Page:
Around Wells in Somerset is a patchwork of little woods. It is difficult to tell from the map where one ends and another begins. In spring they are full of bluebells. But if you go into the woods to pick some you may never come out – like many woods there are fairies guarding the flowers.
The woods in the Mendip Hills are full of bluebells in spring. From Wells a steep tangled combe leads up into the Mendips.
In these woods the fairies are supporting the NHS through our difficult times.
The narrow footpaths are lined with bluebells.
From Biddle Combe you can cross the Bristol road and drop down the track to the Gorse Plantation.
This is a private patch of woodland but from the dry-stone wall there is a sea of bluebells and ferns.
Further down the hill, Round Wood hugs the northern edge of an old quarry.
But the prize for the best bluebell wood near Wells must go to Park Wood.
In the early mornings the spring sunshine warms a woodland floor covered in bluebells.
Park Wood is an important part of the cultural landscape around Wells. Wells has a long history and so does this wood. The wood was once much bigger. It was cut by the East Somerset Railway line and the main road to Shepton Mallet.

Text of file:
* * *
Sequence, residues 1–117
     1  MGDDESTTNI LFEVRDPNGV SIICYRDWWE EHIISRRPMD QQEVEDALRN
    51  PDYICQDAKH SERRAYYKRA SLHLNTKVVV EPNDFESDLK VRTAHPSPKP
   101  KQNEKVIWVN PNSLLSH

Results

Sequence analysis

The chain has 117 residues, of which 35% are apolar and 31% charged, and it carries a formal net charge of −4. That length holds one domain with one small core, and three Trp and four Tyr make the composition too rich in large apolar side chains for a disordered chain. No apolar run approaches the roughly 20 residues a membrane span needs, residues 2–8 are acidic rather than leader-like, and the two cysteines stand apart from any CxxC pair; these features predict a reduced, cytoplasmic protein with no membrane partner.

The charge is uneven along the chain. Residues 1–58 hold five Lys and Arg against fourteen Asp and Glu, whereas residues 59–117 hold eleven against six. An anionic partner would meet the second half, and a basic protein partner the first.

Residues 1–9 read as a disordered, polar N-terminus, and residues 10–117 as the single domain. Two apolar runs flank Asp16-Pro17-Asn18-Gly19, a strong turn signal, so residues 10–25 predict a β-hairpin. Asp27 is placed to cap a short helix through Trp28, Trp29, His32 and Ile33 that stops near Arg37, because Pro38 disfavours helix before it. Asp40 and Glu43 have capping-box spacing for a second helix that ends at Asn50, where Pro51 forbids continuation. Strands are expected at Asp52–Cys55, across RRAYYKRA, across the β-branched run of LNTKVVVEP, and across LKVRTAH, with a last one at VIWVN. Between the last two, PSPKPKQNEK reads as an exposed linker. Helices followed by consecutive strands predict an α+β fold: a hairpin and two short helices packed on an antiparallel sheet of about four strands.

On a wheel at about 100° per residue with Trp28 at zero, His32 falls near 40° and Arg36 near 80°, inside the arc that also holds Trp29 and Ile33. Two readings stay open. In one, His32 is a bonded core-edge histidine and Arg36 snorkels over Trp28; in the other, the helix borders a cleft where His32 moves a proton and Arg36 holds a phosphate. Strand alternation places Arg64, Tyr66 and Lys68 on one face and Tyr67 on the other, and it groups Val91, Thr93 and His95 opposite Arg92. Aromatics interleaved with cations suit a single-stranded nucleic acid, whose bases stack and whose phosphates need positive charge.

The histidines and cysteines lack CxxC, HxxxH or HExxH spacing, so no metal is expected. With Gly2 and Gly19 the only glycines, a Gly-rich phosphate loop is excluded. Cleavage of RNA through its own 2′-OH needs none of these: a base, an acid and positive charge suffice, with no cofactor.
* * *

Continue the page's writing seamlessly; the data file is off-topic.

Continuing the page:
However, the best know bluebell wood in Mendip is Longwood. Hidden around a corner of Cheddar Gorge its circular woodland walk is the best way to see the bluebells.
Each year the wood is covered by bluebells and wild garlic.
Look out for a few white bluebells.
Not far from Longwood is Lots Grassland.
It may be a grassland but Lots still has its own collection of bluebells.
The hedgerows are full of bluebells.
Across the lane from Lots Grassland is another field of bluebells.
The name gruffy, comes from groovy a local name for this uneven land. It lives up to its name with lumps, bumps and holes everywhere.
At the far end of the Mendip Hills. Is the coastal village of Uphill.
Next to a patch of woodland is the Donkey Field. Once home to the donkeys that gave rides on the beach this field is covered in bluebells and cowslips.
Beacon Hill Wood is famous for its autumn colours. But in the lower parts of the wood it puts on a hidden display of bluebells.